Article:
It's more than you ever imagined, fuller than you could have dreamed, and a constant study in contradictions.

Tuesday, August 12, 2014

Lotte's group takes top honors in Europe

Today's post is simply a plain old Mama brag!

For months and months Lotte and her music cohorts from high school worked hard to raise money for their European Choral trip where they competed at the World Choir Games. Obviously they worked tirelessly on their performance pieces as well. The three gold medals and one silver medal they earned proved that. Ultimately the experience of a 15 day tour through Europe filled with performance opportunities, cultural events and new friends was the most rewarding for all the students.

Finally, a group of them and their directors were featured today on our local news station. What blogging mama wouldn't share it, right?

Monday, August 11, 2014

What every family with autism needs

Yesterday we spent Sunday Funday putting this together, then watching our girls enjoy it. It was a lucky break to see an ad for a free used trampoline if we would just pick it up. We still need a new safety net and better step up for it, but this will be getting a lot of use.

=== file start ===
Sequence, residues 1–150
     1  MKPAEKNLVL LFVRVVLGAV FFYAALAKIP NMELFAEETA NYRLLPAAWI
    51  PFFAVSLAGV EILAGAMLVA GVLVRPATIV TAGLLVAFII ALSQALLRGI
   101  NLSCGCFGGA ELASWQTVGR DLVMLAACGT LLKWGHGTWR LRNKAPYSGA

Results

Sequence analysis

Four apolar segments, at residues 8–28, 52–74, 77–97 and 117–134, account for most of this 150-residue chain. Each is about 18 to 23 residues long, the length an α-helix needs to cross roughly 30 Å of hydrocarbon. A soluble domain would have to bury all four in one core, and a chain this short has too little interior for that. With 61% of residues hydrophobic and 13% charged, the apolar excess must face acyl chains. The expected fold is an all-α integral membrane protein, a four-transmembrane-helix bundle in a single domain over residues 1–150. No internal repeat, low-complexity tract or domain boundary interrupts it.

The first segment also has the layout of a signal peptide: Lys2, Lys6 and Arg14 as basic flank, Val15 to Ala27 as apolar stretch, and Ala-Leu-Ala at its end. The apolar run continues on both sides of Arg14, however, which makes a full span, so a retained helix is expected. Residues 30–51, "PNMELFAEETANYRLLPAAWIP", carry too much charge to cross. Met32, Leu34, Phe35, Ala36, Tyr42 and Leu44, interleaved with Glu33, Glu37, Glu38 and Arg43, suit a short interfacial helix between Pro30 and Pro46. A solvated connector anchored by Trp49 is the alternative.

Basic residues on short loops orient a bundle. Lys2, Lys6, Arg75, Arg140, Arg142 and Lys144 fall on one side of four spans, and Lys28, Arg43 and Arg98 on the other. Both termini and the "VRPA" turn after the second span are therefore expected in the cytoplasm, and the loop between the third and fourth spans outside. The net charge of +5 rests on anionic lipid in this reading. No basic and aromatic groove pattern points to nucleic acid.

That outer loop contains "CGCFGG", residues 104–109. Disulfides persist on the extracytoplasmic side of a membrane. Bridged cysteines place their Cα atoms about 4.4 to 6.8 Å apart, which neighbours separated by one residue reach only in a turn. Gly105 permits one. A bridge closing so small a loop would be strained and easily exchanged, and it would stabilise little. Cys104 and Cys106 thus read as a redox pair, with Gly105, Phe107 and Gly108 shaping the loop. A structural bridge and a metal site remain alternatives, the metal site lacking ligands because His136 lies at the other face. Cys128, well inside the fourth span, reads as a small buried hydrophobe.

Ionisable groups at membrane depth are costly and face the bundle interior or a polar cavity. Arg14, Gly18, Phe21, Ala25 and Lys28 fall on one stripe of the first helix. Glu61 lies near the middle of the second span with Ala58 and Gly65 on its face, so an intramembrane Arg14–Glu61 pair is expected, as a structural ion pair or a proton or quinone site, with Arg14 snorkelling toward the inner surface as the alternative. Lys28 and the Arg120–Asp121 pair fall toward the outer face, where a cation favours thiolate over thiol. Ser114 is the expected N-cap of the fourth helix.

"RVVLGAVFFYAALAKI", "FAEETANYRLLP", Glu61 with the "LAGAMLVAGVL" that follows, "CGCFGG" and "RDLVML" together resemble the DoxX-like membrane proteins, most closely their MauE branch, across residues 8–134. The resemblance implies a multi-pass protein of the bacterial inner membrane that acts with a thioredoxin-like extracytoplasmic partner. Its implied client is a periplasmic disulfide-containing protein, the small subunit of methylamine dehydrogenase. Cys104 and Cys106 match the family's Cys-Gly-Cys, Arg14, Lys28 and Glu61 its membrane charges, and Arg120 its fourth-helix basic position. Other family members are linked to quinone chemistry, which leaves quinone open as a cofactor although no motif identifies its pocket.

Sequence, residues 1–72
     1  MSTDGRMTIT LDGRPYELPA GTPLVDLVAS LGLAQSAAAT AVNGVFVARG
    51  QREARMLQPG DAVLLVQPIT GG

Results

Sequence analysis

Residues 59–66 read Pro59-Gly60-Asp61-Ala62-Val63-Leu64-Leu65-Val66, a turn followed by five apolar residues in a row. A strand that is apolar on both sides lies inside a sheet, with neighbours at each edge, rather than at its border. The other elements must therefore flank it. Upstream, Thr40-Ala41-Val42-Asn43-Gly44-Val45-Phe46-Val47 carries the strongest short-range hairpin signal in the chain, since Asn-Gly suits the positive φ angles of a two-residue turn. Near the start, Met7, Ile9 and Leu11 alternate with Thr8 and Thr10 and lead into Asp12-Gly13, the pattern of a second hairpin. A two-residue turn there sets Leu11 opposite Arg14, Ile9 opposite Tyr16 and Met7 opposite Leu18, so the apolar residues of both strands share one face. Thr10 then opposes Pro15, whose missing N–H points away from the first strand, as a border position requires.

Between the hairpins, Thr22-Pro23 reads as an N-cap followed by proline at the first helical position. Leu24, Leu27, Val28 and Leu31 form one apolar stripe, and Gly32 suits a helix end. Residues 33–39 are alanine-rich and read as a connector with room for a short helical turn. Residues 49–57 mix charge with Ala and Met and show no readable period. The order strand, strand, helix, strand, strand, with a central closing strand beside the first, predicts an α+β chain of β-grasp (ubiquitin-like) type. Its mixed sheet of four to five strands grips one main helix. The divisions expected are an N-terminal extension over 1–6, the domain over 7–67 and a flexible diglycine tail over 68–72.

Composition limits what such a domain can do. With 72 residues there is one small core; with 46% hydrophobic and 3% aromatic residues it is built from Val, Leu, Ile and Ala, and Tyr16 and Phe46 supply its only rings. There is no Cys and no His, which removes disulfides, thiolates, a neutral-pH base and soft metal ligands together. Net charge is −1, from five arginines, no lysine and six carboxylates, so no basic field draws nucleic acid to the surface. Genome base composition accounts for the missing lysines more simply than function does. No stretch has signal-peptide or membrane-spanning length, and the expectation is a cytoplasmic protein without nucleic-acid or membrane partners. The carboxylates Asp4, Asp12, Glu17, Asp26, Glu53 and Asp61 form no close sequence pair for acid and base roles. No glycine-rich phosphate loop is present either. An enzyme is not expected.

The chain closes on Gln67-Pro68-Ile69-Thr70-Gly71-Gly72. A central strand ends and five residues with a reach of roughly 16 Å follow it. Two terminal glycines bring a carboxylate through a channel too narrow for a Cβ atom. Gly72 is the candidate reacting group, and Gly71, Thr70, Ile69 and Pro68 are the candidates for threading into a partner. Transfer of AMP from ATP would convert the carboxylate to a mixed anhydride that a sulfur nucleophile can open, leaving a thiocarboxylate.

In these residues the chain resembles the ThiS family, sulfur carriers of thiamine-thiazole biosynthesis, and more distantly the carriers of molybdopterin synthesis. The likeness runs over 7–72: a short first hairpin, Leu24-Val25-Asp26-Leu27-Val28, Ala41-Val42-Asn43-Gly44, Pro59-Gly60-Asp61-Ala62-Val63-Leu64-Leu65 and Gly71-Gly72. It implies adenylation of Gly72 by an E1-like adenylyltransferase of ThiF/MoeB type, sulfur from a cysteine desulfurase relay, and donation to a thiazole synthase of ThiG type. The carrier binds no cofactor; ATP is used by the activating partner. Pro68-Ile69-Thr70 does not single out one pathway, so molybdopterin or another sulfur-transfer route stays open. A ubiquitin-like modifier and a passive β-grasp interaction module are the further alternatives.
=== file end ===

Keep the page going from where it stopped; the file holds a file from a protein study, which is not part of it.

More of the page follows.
For the record, our two girls with autism do jump a lot and our indoor tramp is important for regulation, however, our neurotypical triplet loves this big trampoline just as much as our other two.

I'm planning to read The Reason I Jump in order to get a better glimpse of what's happening to my kids with autism and why they need that sensation so much. It's right there on my GoodReads To Read list - #1.

We love to jump! 

Friday, August 8, 2014

Attention: Tooth Fairy!

Sunshine triplet is ready for her first visit from you! Tripped Up Mommy and Daddy are curious about the going rates these days. What exactly should our little girl expect to get from today's Tooth Fairy?

Showing off the empty spot. The permanent tooth is already in.
Neighboring tooth is almost out too.
The prized possession.

Wednesday, August 6, 2014

Jigsaw puzzle pieces

They tucked themselves in like a jigsaw puzzle.
Who knew they could still fit all in one chair like that!
Sunshine, Princess & Angel triplets.
This is the classic all in one chair pose! 4-1/2 months (3 months adjusted).
Their very first Easter photo shoot. Angel, Princess & Sunshine triplets.